I do not trust most white Christians in the United States. Let me explain why.
This 2016 election proved what few white liberals, Christian and non-Christian, have been willing to acknowledge or even see: the number of white people too ashamed to admit their choice for president, or concealing their allegiance for the big election day reveal. For many white liberals, the Republican candidate’s victory was a genuine surprise.
But white people doing the unexpected—by voting a deeply controversial and divisive figure into the highest office in the land—was not a surprise for me. Many minorities held out hope that it wouldn’t be so, but what they dreaded would happen was exactly what happened: a collective, unified front from the “silent majority” against the inclusive message of the Democratic platform.
It was seeing support from white Christians overall that stunned me. Post-election analysis is already showing that 81 percent of self-identifying white evangelicals voted for the president-elect, and 58 percent of those who self-identified simply as Protestants. Though there is no available exit polling on the racial breakdown of that “Protestant” vote, it is safe to assume that a large number of white Christians voted for the Republican ticket. Those numbers expose a whole new level of sinister. I’m still shocked that someone who spewed hate as the guiding strategy of his campaign attracted that level of support from white Christians.
And voting single issue does not explain this kind of support—the candidate came as a package deal. Xenophobia, Islamophobia, racism, and sexism was the integrated message of hate. These combined elements formed the candidate’s allure. The prospect of appealing to white people was the plan from the start, by playing up certain fears and creating new ones about minorities groups.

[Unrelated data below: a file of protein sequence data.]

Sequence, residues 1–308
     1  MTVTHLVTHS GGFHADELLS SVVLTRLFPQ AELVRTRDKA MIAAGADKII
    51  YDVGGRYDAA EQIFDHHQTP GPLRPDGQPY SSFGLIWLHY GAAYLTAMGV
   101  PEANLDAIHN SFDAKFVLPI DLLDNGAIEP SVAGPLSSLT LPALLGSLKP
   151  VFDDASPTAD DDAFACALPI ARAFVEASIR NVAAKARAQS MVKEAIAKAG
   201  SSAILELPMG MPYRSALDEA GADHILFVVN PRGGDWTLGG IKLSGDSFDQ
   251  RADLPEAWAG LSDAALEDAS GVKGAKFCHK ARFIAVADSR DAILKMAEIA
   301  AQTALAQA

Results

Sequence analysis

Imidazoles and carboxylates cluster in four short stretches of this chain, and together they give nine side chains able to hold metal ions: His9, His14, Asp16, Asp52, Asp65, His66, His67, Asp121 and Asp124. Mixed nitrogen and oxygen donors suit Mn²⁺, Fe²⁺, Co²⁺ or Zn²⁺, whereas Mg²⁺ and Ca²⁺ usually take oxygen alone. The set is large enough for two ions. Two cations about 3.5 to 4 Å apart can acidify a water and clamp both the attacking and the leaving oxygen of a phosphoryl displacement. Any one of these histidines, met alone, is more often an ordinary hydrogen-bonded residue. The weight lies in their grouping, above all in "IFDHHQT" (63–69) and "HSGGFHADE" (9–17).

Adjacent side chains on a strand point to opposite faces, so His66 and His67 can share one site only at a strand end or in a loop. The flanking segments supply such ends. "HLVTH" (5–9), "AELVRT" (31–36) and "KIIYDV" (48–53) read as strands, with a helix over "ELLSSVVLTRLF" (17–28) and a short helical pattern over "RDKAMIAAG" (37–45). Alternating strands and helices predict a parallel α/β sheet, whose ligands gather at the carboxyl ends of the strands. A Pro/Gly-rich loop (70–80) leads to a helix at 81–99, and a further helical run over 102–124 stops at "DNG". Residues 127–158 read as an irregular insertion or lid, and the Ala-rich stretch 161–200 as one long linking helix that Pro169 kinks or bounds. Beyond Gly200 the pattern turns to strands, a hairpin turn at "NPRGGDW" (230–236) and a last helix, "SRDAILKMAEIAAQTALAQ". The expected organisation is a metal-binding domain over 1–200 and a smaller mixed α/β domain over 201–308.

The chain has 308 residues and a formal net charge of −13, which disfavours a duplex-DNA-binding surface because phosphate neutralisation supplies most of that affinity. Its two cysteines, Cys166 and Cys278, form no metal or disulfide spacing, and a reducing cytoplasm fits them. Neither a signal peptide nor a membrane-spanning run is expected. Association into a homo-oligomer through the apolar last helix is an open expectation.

In light of these figures, I am cynical. I have good reason to be. There is hardly any other way to respond at the moment. And here’s the thing: I get to have my cynicism. I get to be disappointed and angry. I get to suspend my suspension of deep skepticism and finally say what it is that I have forever hoped would not be true, but now see, unfortunately, is the case: white Christians only act in their own self-interest, not seeing or understanding how their vote sides with the subjugation of people of color.
Obviously, this is a problem. The religion that is importantly about the inclusion of the Gentiles into the faith tradition of the Jews has, in a particular demographic, been reduced to a project of self-preservation, economic aspiration, and exclusion. Call it a Christianity of whiteness or white hegemonic spirituality. It centers on whiteness and white aspirations to succeed, to dominate, to win at the expense of others. This white Christian self-preservation is a faith tradition. If there is care and concern for the poor in this tradition, it is care and concern for the white poor.